Altogether, there are forty nine different folktales in BETWEEN WORLDS that range from one page to eighteen pages in length. They are bite-sized, so it’s comfortable to read a story or two at a time. Because the subjects shift so quickly, this is not the kind of book to be consumed in a few sittings. Some stories are more interesting and engaging than others, which makes it hard to set a reading pace. With that being said, the stories are broken up into different categories: (1) Magic and Wonder, (2) Adventures and Legends, (3) Fairies and Little People, (4) Power, Passion, and Love, (5) Wits, Tricks, and Laughter, and (6) Ghosts. Because of this structure, it’s easy to jump around and explore the topics that are most interesting to you. Personally, my favorite section is “Power, Passion, and Love.”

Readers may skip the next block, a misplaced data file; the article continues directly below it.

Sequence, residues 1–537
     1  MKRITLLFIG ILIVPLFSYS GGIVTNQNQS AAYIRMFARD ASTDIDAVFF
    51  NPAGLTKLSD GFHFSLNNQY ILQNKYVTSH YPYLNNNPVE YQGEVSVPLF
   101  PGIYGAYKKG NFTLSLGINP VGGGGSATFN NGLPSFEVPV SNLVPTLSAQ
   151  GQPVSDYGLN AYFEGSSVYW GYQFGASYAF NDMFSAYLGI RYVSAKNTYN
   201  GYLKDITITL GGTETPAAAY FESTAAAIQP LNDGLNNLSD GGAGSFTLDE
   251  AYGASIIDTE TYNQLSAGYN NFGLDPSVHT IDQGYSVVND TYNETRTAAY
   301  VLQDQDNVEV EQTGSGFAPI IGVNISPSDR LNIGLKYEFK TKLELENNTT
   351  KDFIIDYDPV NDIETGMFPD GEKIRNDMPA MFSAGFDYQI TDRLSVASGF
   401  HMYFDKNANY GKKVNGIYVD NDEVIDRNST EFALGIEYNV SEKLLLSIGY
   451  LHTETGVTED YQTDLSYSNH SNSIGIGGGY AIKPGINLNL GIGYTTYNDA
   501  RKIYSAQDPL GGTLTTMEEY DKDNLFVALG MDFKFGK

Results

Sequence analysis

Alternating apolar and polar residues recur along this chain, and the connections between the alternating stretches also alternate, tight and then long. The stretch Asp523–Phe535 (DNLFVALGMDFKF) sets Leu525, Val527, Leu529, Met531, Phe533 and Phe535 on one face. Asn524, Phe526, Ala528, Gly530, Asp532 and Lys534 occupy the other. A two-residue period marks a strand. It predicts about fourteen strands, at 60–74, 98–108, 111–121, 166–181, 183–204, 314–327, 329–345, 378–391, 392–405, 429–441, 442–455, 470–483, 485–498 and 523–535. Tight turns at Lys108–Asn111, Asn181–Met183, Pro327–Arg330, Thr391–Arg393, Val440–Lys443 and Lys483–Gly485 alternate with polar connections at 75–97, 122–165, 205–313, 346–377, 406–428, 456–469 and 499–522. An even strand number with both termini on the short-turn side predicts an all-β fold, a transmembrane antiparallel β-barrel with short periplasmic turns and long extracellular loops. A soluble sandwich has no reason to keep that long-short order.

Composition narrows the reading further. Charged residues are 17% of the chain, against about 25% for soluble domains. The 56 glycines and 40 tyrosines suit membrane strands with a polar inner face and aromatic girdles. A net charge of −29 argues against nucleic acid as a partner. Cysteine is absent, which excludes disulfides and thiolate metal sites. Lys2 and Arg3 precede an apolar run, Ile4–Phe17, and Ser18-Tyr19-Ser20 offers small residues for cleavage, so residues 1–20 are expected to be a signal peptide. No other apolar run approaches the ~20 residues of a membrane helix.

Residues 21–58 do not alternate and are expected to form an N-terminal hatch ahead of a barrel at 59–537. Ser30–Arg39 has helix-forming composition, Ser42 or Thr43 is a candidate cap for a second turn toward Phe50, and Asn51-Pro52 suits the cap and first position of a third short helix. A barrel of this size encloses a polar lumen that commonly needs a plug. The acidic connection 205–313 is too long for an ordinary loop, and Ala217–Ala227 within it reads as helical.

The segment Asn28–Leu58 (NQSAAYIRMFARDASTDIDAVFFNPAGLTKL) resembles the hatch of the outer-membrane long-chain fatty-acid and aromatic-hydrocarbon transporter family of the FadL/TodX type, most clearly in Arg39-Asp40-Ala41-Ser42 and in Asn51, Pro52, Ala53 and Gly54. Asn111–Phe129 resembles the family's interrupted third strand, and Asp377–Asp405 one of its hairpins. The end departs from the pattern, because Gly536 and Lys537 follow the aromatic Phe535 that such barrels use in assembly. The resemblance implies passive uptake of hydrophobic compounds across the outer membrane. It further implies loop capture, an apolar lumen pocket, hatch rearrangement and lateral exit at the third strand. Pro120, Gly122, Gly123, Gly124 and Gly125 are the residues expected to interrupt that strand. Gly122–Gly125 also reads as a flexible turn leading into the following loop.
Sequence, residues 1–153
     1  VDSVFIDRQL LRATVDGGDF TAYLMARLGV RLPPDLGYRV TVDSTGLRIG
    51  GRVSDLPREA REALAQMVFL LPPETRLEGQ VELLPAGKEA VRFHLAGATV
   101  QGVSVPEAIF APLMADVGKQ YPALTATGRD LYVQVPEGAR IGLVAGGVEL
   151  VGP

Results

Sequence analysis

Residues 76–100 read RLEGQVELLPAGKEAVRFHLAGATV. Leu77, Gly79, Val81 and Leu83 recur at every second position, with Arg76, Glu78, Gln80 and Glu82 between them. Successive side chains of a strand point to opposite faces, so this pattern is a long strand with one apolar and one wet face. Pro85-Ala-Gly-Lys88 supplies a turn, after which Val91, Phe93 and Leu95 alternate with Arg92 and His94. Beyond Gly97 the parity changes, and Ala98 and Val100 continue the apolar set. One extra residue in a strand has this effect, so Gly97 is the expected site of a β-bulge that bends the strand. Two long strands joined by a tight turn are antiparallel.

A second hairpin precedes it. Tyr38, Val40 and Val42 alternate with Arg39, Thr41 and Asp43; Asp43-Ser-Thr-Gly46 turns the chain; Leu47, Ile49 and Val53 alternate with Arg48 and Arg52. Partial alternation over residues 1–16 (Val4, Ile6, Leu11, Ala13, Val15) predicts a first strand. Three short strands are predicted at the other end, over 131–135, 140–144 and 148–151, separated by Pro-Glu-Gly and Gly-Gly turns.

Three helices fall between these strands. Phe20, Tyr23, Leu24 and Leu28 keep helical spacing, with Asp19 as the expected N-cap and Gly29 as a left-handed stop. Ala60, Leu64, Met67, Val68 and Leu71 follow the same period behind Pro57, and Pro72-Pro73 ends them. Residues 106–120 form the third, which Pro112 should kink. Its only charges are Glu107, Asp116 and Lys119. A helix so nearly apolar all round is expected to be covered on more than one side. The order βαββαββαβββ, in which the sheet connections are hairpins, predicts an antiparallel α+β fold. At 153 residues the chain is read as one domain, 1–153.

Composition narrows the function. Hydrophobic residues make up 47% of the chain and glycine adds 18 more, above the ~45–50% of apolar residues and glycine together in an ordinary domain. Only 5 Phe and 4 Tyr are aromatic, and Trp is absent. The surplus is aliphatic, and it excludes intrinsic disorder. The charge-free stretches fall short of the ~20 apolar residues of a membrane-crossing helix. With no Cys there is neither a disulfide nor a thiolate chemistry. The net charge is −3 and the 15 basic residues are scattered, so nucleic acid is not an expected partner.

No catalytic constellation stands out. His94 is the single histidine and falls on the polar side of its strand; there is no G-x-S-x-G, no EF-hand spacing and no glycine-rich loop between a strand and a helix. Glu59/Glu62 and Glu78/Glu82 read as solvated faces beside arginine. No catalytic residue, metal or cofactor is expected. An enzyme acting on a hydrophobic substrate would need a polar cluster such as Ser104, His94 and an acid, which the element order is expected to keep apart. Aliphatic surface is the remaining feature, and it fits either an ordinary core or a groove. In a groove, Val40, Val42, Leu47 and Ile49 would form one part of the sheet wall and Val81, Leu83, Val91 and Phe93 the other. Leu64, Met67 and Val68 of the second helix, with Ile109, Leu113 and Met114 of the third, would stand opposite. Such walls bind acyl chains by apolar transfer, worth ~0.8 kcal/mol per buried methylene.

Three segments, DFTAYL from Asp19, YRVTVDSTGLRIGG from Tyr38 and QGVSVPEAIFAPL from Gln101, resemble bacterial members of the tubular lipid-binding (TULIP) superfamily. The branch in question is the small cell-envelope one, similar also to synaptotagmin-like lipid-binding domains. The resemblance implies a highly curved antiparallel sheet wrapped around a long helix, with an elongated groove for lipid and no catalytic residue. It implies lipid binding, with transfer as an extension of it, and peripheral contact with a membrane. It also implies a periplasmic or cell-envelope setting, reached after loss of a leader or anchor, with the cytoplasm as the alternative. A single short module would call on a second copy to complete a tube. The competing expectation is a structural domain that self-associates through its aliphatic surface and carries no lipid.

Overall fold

As a huge fan of other tales from this region, such as Deirdre of Sorrows, Tristen and Iseult, and all the Arthurian legends, I was hoping to find a bit of them in BETWEEN WORLDS. Unfortunately, they weren’t there and most of the stories that Crossley-Holland included were quite different, some even nonsensical. However, while I wouldn’t necessarily recommend BETWEEN WORLDS to someone looking for a fun read, it does offer a great deal of insight into the history and people from that region of the world. This book, overall, could function quite well as a reference for those needing artistic inspiration or those doing anthropological research.